Dear Abby: My stepdaughter is engaged to a wonderful young man she has been with for more than three years. We welcome him as part of our family and are excited to have him as a son-in-law. However, due to his overwhelming anxiety (as my stepdaughter explains it), he barely says a word whenever we see him.
In the several years they have been dating/engaged, he has joined us for only one family holiday meal, and conversation was painful, to say the least. We have invited him to many family gatherings (large and small), but he seems to have an excuse not to attend each one.
I very much want to get to know him better and make him feel welcome, comfortable and loved as part of our family, but his silence, lack of eye contact and his apparent desire to avoid us make it very difficult. Any advice?
Challenged Future Mother-in-law
Dear Future M.I.L: You are overdue for a serious talk with your stepdaughter. Have you asked her if she knows the reason for her fiance’s lack of social skills? Is he this way with everyone, or just you and your husband? Could he be on the autism spectrum or feel intimidated by your attempts to make him feel “comfortable and loved”? His extreme introversion may be a red flag because it may have negative repercussions for her if she marries him.
Dear Abby: How do I talk to my roommate about the thermostat without coming off as a “parent” or a control freak? I prefer the thermostat be set at 77 to 78 during warmer months, but every time I step out the door, they turn the A/C down to 72 or 73. It makes the house feel like you could hang meat in here. The kicker is, it’s 80 outside. I don’t think the unit even needs to be on. Not only am I concerned about the electric bill, I’m freezing in my own house with pants on. I know this will become a problem because we are expecting temperatures in the 90s for weeks at a time, and the cost of electricity rises with the heat. I’m tired of playing the game of adjusting the temperature and not saying anything. Advice?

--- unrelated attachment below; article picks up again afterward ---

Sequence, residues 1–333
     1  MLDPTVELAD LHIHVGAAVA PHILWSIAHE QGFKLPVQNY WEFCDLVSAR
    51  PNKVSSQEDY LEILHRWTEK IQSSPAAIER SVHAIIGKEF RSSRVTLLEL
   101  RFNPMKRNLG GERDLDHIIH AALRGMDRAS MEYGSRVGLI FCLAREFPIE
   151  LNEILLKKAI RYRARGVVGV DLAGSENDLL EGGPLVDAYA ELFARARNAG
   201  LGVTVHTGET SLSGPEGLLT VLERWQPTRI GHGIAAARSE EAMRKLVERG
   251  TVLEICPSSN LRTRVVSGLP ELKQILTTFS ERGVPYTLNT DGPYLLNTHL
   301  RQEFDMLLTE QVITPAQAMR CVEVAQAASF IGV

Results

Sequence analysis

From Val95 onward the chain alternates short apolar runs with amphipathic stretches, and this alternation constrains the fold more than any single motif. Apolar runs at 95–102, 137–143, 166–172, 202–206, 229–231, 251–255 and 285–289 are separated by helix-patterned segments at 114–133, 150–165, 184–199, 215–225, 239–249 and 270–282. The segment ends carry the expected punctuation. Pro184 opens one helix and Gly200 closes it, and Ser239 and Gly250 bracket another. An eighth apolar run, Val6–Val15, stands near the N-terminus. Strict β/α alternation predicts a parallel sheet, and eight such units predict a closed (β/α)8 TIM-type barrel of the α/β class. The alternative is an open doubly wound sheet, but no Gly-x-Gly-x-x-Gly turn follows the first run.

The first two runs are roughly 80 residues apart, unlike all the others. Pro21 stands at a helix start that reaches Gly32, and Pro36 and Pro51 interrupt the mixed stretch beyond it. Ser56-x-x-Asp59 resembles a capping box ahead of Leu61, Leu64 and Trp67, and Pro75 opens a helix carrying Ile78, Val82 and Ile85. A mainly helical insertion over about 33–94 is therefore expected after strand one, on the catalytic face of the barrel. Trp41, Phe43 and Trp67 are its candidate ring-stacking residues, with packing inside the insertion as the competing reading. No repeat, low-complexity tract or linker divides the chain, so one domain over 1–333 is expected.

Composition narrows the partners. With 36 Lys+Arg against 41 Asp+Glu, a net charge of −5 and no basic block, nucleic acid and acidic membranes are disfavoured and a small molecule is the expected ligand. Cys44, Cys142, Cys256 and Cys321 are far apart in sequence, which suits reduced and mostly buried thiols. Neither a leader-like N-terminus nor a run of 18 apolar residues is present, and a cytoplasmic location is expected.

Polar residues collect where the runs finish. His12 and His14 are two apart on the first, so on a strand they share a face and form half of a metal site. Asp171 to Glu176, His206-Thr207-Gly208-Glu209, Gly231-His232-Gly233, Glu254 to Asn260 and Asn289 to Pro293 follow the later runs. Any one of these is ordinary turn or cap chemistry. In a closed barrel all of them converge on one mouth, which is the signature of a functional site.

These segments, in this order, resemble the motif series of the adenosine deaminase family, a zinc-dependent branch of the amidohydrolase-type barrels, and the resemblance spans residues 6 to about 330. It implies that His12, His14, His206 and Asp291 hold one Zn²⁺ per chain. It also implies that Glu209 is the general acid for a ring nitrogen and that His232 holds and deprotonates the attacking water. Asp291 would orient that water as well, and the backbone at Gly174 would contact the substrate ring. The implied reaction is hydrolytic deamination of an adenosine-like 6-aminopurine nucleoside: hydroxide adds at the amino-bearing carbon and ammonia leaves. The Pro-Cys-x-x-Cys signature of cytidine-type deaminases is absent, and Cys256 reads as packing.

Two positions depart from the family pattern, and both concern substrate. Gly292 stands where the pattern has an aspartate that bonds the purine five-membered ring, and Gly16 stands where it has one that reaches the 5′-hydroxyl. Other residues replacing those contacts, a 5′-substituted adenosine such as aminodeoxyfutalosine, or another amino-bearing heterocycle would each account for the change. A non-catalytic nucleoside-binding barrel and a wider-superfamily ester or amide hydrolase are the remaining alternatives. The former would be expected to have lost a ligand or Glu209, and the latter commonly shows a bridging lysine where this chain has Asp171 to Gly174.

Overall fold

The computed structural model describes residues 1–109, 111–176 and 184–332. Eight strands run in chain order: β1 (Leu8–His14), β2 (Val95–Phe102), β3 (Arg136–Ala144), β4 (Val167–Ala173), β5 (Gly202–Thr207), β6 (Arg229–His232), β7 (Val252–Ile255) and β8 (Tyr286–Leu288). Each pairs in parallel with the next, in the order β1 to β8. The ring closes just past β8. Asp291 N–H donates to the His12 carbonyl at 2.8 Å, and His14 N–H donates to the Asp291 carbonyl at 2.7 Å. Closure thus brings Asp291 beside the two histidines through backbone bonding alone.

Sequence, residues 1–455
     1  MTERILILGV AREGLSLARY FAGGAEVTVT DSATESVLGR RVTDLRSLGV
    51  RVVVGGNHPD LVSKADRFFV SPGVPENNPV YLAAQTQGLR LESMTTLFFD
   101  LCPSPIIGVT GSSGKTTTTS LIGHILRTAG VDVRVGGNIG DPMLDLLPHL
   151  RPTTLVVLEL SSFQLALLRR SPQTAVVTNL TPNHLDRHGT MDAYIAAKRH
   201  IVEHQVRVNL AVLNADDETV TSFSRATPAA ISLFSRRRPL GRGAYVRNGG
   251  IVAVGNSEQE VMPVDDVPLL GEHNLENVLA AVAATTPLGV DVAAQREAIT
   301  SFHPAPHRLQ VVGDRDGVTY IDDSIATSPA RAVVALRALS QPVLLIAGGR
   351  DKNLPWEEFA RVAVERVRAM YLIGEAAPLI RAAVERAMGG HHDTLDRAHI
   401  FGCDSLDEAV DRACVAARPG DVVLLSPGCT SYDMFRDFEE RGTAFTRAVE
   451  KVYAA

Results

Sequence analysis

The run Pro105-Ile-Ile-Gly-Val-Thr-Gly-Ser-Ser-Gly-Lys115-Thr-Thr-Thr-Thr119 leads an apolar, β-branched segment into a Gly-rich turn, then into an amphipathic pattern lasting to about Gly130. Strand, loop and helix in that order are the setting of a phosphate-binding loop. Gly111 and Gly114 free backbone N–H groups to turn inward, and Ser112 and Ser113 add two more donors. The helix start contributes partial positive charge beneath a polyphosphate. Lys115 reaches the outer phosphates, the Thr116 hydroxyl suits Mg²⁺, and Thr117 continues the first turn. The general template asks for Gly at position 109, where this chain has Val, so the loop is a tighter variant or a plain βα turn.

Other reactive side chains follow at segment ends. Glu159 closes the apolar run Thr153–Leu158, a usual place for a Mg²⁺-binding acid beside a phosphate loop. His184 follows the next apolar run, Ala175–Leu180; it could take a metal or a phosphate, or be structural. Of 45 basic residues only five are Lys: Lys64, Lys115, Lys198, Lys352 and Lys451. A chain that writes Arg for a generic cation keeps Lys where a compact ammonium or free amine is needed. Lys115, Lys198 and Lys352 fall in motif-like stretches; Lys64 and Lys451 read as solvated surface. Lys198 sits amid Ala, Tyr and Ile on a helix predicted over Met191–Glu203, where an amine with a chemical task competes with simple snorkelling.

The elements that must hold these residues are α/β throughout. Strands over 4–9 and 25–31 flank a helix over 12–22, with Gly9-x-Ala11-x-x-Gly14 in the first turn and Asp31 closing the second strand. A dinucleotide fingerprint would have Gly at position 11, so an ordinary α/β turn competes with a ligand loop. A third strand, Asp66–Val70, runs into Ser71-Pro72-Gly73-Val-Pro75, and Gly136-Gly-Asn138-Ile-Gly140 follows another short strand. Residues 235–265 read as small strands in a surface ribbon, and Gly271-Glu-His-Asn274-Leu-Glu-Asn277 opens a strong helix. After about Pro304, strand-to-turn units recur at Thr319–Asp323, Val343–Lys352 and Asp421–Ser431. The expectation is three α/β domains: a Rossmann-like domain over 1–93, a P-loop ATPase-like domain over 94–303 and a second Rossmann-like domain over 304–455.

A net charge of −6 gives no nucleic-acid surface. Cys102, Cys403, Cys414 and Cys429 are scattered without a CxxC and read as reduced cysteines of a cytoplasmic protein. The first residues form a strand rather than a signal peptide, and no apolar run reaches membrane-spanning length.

Dear T.R.: Stop pussyfooting around and have an adult discussion with your roommate about this. If possible, a compromise should be worked out. Whose name is on the lease? Is it yours or both of yours? Is the cost of heating and cooling the unit shared equally? If a compromise can’t be agreed upon, it’s possible the two of you are incompatible and one of you needs to make other living arrangements.
Dear Abby: About a year ago, a friend I’ve known since high school came out as transgender female. I am glad to see her living her life as her authentic self, and I want to do what I can to support her. I’m one of those old-fashioned people who still has photo albums, and there are a fair amount of pictures of her, pre-transition. Obviously, the photos are labeled with her “dead” name. Should I go back through the albums and change the labels to replace her former name with her new one?
Good Friend in Illionois
Dear Friend: Trans people have strong feelings about deadnaming, and many are against the practice. This is a subject you should discuss with your friend, and abide by her preference.
Dear Abby is written by Abigail Van Buren, also known as Jeanne Phillips, and was founded by her mother, Pauline Phillips. Contact Dear Abby at www.DearAbby.com or P.O. Box 69440, Los Angeles, CA 90069.